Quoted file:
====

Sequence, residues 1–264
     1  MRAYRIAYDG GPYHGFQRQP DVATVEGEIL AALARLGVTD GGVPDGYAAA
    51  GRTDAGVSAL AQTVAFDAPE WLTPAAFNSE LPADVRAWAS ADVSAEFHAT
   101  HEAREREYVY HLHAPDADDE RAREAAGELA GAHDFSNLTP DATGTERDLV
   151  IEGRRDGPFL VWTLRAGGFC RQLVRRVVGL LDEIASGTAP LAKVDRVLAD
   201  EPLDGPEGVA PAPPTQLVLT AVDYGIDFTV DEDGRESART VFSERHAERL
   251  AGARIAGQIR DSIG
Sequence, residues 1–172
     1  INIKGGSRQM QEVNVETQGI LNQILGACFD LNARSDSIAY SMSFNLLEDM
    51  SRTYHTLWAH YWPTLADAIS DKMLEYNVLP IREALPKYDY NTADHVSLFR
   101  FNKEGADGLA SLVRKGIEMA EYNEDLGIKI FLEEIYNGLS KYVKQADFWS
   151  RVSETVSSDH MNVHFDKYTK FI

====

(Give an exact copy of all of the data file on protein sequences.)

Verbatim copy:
Sequence, residues 1–264
     1  MRAYRIAYDG GPYHGFQRQP DVATVEGEIL AALARLGVTD GGVPDGYAAA
    51  GRTDAGVSAL AQTVAFDAPE WLTPAAFNSE LPADVRAWAS ADVSAEFHAT
   101  HEAREREYVY HLHAPDADDE RAREAAGELA GAHDFSNLTP DATGTERDLV
   151  IEGRRDGPFL VWTLRAGGFC RQLVRRVVGL LDEIASGTAP LAKVDRVLAD
   201  EPLDGPEGVA PAPPTQLVLT AVDYGIDFTV DEDGRESART VFSERHAERL
   251  AGARIAGQIR DSIG
Sequence, residues 1–172
     1  INIKGGSRQM QEVNVETQGI LNQILGACFD LNARSDSIAY SMSFNLLEDM
    51  SRTYHTLWAH YWPTLADAIS DKMLEYNVLP IREALPKYDY NTADHVSLFR
   101  FNKEGADGLA SLVRKGIEMA EYNEDLGIKI FLEEIYNGLS KYVKQADFWS
   151  RVSETVSSDH MNVHFDKYTK FI